Resident Evil 6 was the first numbered entry in the long-running series that was more often panned than it was praised. And while the game’s initial sales were brisk, Capcom acknowledged that its numbers eventually weakened, forcing the publisher to lower sales and financial estimates.
RE6 wasn’t a terrible game by any means (it’s mediocre); but it was certainly a bad RE installment. Here are a few reasons why:
- The cover system sticks you to surfaces even when you didn’t intend to.
- The AI partners in the single player campaign’s co-op are obtuse.
- You fight zombies with guns and enemies that look like kaiju.
- Boss battle are sometimes confusing and have too many phases, making them long and tedious.
- RE6 relied heavily on quick-time events and cutscenes, both of which ruin the pacing.
- Navigating the inventory is a chore.
RE6‘s biggest crime is that it’s more like a summer action flick filled with huge explosions than a scary/tense survival horror game. Not that there’s anything wrong with action games or movies; they’re actually pretty awesome, especially when done right. By action standards, however, RE6 is quite pedestrian.
Admittedly, this more action-oriented focus started in RE4, which is widely regarded as the best RE game. The problem, however, is that RE6 has this nauseatingly stronger emphasis on generic action, making it barely unrecognizable as a chapter in the series that started the survival horror genre.
So how can RE recover? I propose three steps:
Step #1: Return to What Works
There’s no mistaking what “works” in RE: the moody, spooky atmosphere that the entire series is known for. This ambience is essentially in every numbered installment, save for RE6. RE5 may be a bit more action-oriented than its predecessors, but it still largely retains that moodiness.
If Capcom were to significantly tone down the ridiculous, over-the-top action feel in subsequent games, some of the other issues (including those listed above) might be resolved. For instance, you won’t have to fight gun-wielding zombies and enemies that look like kaiju (!), which is un-survival-horror-like. The frequent, pace-wrecking quick-time events and cutscenes may be reduced as well.
Step #2: Ditch or Fix What Doesn’t (Work)
Take note that returning to RE’s roots isn’t a guarantee that future chapters would be better. There are still a number of features that need to be fixed or skipped altogether. Here are some of the things that I think needs to be fixed:
- The inventory system
The idea behind the real-time inventory is brilliant: bringing it up won’t pause the game, thus maintaining the tension. The system is a chore to use though, since finding any item takes so much time. My suggestion: retain the real-time aspect but reintroduce the inventory system used in RE5, which lets you assign shortcuts for weapons and items on the directional pad.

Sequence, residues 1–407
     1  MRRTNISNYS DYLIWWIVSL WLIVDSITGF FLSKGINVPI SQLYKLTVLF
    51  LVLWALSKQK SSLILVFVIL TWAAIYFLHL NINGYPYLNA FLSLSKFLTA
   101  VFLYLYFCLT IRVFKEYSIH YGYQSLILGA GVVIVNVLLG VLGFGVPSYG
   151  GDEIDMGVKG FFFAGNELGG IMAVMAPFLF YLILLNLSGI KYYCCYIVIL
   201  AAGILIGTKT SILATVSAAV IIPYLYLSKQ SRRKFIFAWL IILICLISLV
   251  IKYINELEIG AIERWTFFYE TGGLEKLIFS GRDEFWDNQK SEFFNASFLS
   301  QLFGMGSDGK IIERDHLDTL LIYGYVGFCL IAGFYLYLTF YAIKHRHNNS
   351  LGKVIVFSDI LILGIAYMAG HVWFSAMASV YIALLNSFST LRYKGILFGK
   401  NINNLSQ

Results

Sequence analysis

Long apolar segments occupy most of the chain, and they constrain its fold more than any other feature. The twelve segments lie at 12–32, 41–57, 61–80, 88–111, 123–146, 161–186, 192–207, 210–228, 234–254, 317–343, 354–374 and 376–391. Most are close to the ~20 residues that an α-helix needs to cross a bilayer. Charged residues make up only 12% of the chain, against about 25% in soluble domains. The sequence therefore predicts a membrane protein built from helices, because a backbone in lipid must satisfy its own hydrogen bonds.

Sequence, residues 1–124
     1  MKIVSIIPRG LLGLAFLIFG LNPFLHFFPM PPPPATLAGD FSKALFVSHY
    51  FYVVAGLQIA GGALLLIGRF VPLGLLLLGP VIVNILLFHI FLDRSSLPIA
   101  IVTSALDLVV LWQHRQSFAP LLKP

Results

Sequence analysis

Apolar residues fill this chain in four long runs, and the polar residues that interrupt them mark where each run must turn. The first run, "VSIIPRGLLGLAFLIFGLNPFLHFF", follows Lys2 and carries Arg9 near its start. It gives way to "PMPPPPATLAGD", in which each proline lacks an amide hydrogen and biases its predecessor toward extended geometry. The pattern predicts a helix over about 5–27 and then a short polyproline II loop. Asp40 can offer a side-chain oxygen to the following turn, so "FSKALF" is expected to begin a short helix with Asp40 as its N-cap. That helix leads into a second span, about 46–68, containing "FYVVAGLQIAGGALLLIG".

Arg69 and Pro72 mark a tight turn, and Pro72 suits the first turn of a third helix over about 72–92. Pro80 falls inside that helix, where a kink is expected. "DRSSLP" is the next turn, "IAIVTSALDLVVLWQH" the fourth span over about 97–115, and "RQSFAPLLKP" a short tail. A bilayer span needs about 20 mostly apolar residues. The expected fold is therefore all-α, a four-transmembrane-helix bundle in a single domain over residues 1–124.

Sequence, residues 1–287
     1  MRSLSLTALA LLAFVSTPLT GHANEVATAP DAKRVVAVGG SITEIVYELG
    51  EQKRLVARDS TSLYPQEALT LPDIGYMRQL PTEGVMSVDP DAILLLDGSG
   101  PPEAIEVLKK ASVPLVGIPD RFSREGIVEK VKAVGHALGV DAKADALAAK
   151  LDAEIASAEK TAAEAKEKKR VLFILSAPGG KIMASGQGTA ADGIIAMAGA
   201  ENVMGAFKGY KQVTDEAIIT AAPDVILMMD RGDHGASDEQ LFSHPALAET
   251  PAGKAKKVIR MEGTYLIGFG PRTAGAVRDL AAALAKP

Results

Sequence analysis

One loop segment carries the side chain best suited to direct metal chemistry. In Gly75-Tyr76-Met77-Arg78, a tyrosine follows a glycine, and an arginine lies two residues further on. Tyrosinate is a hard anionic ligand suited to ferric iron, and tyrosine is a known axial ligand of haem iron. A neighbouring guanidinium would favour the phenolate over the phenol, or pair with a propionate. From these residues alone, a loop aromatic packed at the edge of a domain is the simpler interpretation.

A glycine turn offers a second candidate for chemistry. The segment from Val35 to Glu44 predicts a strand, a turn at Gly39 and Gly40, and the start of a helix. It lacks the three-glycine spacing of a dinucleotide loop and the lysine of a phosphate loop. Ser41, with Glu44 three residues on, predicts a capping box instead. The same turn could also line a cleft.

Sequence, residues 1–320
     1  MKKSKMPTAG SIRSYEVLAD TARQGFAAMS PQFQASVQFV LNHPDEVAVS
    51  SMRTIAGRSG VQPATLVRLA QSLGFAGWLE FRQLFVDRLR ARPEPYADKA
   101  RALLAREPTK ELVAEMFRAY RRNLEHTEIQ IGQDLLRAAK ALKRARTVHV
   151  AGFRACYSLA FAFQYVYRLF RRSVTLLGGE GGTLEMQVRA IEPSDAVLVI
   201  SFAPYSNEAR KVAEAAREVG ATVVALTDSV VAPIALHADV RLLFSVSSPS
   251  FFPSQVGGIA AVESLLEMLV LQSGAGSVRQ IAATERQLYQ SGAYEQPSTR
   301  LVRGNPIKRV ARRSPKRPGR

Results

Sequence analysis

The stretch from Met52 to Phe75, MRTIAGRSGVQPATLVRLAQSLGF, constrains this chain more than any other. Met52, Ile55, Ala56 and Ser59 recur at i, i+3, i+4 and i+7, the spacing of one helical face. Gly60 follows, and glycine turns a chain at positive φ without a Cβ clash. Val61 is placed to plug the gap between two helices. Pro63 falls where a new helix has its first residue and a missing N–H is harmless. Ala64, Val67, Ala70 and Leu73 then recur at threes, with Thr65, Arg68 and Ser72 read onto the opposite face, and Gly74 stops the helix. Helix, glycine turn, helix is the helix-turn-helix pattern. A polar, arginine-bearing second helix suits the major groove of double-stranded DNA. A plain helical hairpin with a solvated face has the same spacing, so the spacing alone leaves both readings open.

- The tedious boss battles
RE6 boss fights can be mind-numbingly long. Why? There are just too many phases in each. How many times do you have to fight a boss to kill it anyway? Furthermore, it’s not always clear what you need to do: are you supposed to stay alive long enough or do you just inflict a certain amount of damage? Are you even hurting it at all? This tedium can be addressed by giving players better feedback; if the boss is hurt or if you need to shoot something first, it should be more apparent. Fewer phases wouldn’t hurt either.
And here are the features that I think should be ditched completely:
- The cover system
This mechanic is a hallmark of the action genre; it won’t be needed in survival horror, unless the zombies shoot back.
- AI companions
RE6‘s AI companions may have been somewhat improved since the previous game but I think they should be taken out of the single player campaign; this heightens the feeling of isolation and makes the game creepier. The campaign co-op should be retained, of course; I just think you shouldn’t have to deal with annoying AI companions when playing solo.
Step #3: Introduce Elements That Fit
Granted, the previous ideas I’ve discussed is pretty much what many game companies do: produce samey sequels. Because of this, I’ve added a third step: add features to keep things fresh.
RE creator Shinji Mikami had the same idea when developing The Evil Within, which introduced gameplay elements like sneaking, setting enemies on fire to destroy them, crafting crossbow bolts, disarming traps, and sprinting. As a result, The Evil Within felt different despite having similarities with RE.
The new mechanics don’t have to be ground-breaking; they just need to be well implemented and should suit the survival horror atmosphere and gameplay. For example, instead of having the ability to perform pile-drivers on zombies, the next game can add a reloading mechanic similar to Gears of War, except the weapon jams if you screw it up. Now imagine doing this while zombies are swarming you.
I’ve always believed that returning to its roots is most likely the path that RE must take for a proper comeback. The indications have always been there: the previous numbered installments were survival horror games; for the most part, these games were well received by fans and critics and sold pretty well; and more importantly, it’s what most fans want (Capcom producer Michiteru Okabe actually acknowledged this).
So what about you? What do you think should RE do to recover? Do you think Capcom should continue its over-the-top action route, or should it revisit survival horror? Are there any elements that you think should be added to make future RE games more interesting? I’d love to hear what you think. Share your thoughts in the comments below!